Australian test finds robot essay assessors on par with human teachers

Add teaching to the 'well-educated middle-class jobs threatened by automation' list

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Software has emerged as the equal of humans when it comes to marking essays in an Australian study.

The test of test-marking software was conducted by the Australian Curriculum, Assessment and Reporting Authority, which administers standardised tests called the National Assessment Program – Literacy and Numeracy (NAPLAN).

NAPLAN tests include an essay-writing component, and in the 2012 edition of the tests some students were asked to type those essays into computers.

ACARA believes those essays are suited to automated marking because they have “criteria that target lexical properties of essays (sentence structure, paragraphing, punctuation and spelling), criteria that target semantic properties of essays (audience and ideas) and criteria that explicitly target successful interplay of lexical and semantic features of writing (test structures and cohesion).”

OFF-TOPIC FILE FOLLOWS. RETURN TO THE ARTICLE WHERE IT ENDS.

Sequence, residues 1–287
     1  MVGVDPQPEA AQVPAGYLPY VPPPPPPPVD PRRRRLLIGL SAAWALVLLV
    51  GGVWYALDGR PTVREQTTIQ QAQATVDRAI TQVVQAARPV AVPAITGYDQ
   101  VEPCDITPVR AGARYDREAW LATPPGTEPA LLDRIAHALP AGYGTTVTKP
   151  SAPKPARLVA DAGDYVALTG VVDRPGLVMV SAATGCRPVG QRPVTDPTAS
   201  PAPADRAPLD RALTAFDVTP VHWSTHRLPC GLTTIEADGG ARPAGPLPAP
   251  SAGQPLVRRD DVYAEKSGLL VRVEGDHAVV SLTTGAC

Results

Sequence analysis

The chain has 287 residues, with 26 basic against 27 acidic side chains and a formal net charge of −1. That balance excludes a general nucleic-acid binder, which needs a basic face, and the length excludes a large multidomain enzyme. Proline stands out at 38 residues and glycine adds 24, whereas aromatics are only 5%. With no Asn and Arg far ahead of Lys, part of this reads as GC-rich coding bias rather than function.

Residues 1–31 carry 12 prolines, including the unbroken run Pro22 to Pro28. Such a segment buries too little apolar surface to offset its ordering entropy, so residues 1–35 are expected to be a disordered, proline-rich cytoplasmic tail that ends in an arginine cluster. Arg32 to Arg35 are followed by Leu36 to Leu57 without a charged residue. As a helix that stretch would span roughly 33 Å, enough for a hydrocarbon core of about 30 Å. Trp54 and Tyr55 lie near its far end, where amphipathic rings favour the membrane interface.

Automated essay-marking software, ACARA's research paper (PDF) on the subject says, is proven to and designed for assessing those qualities, so the Authority decided to give four vendors a run and compare their assessments to those of human essay markers.

To help train their systems the four vendors were provided with 1,014 essays plus scores provided by human markers. The vendors were then handed 339 essays to mark with their automated systems.

There's a heap of methodological explanation in the research paper, but the TL;DR conclusion is that “The investigation showed that at both the rubric criteria and total score levels, the four marking systems provided satisfactory (equivalent or better) results relative to human marking.”

The result is significant in Australia, because ACARA is also planning to administer NAPLAN online, instead of with printed tests. It's probably significant globally, because teachers can often pick up extra cash marking exams.

Teachers also spend lots of time reading and marking essays. If software can take over some of that work, perhaps it might free teachers for other activities. Less pleasant scenarios? Try students using essay-reading-as-a-service to fine-tune their output without having to do much thinking. Also teachers missing out on casual marking gigs, and perhaps a reason for downsizing as another middle-class job requiring a high level of education is threatened by automation. ®


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